It doesn’t matter what I write about. Nothing I say can be as erotic as Bowie, in any of his guises but especially the early ones.
I was eight when I first discovered him, the same spring Mum went back to work. Before that she’d been been single, unemployed and benefit-reliant, and on the weeknights she went out to teach dance classes and no babysitter could be found, I sat home alone with warmed up food and television. Small children aren’t supposed to be left on their own all evening, but I’m glad I was: unsupervised, it was the first time I allowed myself to watch series like Buffy, deemed then to be what Christianity opposed, and – via the archive version of Top of the Pops, which aired immediately before – was how I first met Ziggy Stardust.
A mythos has grown up around the clip where Bowie, pipecleaner thin even before the coke and wearing a lurid faux-snakeskin jumpsuit, plays ‘Starman’ to a 1972 crowd. Its sales skyrocketed when the performance aired, bringing him fame and scandalising straitlaced parents throughout Britain. With his made-up face and coquettish gaze – the kind I knew then from Princess Diana – I might myself have been convinced he came from Mars, and it speaks volumes that in 2000, the footage had the same effect on me as on children who saw it thirty years before.
The image of Bowie on his knees, mouth pressed to the strings of Mick Ronson’s guitar and hands gripping his thighs, has been analogised to cunnilingus; considering whose crotch it was behind the instrument, there’s as strong an argument for fellatio, but perhaps the ambiguity was the point. In fact, they never did this on Top of the Pops – photos of it were taken on their tour – but what was caught on camera was more than enough for me. In the chorus, as his voice jumps the same octave on ‘star-man’ Judy Garland’s does singing ‘Over the Rainbow’, Bowie drapes a single, languid arm round Ronson’s neck.
Sat on the carpet by the TV screen, life went from sepia to Technicolor. Putting an arm round someone had been a prosaic gesture, something middle aged couples did or boys used as a way of scaring girls at school. (‘Scaring’ was what they called it then.) If two boys did it it was meant to be funny, but this wasn’t funny. Ziggy’s smoky eyes beckoned forward, optimistic and intent, as if doing it meant nothing to him, so to me it meant everything. I hadn’t realised this was an option, and suddenly so many new options existed; didn’t know what planet he was from, but wanted desperately to visit.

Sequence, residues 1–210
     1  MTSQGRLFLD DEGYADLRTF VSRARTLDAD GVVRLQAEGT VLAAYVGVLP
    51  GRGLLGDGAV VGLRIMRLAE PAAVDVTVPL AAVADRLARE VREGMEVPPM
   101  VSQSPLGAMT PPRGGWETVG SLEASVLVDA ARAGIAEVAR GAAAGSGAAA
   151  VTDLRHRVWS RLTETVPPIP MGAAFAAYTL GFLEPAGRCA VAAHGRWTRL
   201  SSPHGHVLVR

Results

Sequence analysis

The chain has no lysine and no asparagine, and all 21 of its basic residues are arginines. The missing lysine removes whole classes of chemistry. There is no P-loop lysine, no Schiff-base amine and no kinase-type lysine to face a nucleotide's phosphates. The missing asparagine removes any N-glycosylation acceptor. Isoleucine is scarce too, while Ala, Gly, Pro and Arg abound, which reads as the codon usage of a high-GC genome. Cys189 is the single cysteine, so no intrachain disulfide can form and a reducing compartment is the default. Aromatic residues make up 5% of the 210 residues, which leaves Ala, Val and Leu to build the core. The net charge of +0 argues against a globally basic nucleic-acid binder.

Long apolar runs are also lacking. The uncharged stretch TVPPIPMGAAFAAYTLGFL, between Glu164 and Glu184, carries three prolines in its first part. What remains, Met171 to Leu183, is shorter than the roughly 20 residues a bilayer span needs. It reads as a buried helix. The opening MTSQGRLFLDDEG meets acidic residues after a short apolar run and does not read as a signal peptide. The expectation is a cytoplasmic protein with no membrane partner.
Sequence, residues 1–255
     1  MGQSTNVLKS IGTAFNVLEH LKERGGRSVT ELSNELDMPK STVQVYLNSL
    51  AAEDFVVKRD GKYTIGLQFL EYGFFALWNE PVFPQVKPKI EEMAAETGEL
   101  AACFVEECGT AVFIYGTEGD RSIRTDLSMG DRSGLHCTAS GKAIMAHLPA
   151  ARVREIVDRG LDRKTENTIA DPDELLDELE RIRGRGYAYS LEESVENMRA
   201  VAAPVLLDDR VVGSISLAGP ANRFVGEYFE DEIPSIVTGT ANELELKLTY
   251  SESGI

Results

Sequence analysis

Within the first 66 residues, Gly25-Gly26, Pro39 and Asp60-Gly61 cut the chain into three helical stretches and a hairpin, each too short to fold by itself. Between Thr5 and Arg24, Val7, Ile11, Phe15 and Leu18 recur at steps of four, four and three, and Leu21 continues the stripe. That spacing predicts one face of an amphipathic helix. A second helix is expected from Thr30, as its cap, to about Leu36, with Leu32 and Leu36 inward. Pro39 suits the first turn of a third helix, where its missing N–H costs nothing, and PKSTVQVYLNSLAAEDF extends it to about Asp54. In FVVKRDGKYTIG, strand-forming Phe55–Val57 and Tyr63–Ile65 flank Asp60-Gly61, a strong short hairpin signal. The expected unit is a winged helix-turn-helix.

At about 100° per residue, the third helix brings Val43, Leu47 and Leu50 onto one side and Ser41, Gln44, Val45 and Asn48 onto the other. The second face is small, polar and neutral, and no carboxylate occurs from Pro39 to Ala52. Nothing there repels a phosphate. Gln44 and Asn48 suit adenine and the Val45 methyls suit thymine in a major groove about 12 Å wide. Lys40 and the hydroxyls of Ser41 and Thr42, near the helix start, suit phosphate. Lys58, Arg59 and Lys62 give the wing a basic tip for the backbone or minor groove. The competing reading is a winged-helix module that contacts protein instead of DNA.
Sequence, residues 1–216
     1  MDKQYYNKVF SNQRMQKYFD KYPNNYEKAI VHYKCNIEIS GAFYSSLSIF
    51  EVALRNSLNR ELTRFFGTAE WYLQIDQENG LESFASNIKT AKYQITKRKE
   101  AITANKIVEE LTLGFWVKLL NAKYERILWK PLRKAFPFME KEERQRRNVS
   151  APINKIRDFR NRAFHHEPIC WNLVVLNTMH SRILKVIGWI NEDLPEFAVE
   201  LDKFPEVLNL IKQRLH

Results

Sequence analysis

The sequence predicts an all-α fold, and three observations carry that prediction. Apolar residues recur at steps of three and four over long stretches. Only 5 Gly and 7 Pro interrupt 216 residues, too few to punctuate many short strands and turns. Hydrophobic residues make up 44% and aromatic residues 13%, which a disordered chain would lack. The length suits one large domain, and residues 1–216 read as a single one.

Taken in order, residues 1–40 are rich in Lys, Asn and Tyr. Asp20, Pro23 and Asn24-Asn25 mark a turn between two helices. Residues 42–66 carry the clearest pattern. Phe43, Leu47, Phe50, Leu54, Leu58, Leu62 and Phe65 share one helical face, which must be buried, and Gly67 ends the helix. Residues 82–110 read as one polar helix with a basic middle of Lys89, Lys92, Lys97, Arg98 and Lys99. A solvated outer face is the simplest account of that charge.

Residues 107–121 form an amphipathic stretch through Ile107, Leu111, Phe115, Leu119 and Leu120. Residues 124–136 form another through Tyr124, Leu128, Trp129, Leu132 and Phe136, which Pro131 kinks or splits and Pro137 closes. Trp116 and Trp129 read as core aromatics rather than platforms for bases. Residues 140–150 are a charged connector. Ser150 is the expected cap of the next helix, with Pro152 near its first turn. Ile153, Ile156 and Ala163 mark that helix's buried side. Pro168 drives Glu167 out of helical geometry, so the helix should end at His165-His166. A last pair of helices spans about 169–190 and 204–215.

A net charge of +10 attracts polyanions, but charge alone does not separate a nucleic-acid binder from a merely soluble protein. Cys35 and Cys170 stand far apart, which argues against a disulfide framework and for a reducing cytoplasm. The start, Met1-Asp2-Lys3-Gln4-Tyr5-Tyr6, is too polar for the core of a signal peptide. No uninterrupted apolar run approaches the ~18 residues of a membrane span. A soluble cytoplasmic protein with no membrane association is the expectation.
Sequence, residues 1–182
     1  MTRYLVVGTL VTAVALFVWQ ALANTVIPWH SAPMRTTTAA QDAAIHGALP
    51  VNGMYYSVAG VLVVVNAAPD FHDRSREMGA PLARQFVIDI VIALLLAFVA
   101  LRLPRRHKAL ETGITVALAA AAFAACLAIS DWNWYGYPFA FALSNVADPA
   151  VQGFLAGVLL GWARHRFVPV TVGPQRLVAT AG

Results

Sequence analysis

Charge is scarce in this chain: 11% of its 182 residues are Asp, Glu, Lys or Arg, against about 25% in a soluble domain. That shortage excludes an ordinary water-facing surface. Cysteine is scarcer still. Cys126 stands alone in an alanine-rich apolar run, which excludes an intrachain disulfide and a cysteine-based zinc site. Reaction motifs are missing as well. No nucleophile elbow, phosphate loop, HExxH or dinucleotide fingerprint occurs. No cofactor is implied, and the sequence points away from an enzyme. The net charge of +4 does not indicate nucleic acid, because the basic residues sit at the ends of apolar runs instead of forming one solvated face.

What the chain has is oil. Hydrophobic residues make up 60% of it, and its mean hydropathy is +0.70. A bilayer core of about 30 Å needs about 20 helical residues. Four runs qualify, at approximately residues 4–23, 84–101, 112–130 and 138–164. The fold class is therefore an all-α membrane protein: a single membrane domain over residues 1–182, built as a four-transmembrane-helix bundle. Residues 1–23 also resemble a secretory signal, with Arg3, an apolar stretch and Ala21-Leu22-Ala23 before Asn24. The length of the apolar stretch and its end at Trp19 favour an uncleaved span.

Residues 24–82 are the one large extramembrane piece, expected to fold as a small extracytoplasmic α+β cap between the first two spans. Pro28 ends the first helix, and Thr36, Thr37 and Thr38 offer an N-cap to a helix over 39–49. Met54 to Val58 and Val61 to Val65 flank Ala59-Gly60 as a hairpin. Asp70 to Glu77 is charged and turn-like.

Some say Bowie’s bisexuality was put on, produced by mere ‘compulsion to flout moral codes’. Rumoured affairs with male musicians and Mick Jagger, with whom his then-wife claims to have found him in bed, aren’t publicly confirmed, and in middle age he’s settled at least outwardly into married life. What if it was affected, though? Long before I encountered him, I’d learnt to break the rules – to enjoy the shifting architecture of the doll’s house at the dentist, ask teachers for the fuchsia-coloured card and collage it in floral tissue paper, if only to make other boys uncomfortable. (Other boys, I’d decided, were dull.)
Christopher Hughes and Harry Machin, who sat at my table aged five, sniggered when I did the latter that I was a sissy and a girl. I was pleased with myself. Boy or girl, it seemed to me, was all about what you put on: occasionally I’d be the latter for an hour, slicking my hair back, applying cosmetics from the cabinet and salvaging old shoes from below Mum’s bed, though the only time I told her I’d turned myself into one, she asked why as if I’d done something more grandiose, shocking and confusing by far than playing with doll’s houses. Later, by the time my hair was long enough adults called me a girl, I’d learned enough to feel shame.
You could read these anecdotes as omens of inevitable queerness, but there was nothing inevitable about them. Other boys broke rules too, or hadn’t yet discovered them. Harry, who grabbed the bulge in my shorts in kindergarten and could deal eyewatering pain with fingernails on foreskin, never realised what he was doing was forbidden (or, in the former case, reserved for girls), so no doubt has forgotten it. I still recall because like Bowie, with his eye shadow and steady, sex-drinched grin, I liked to provoke. What I did as a child became the first part of a story he inspired with an arm round Mick Ronson, breaking a rule I hadn’t known I could.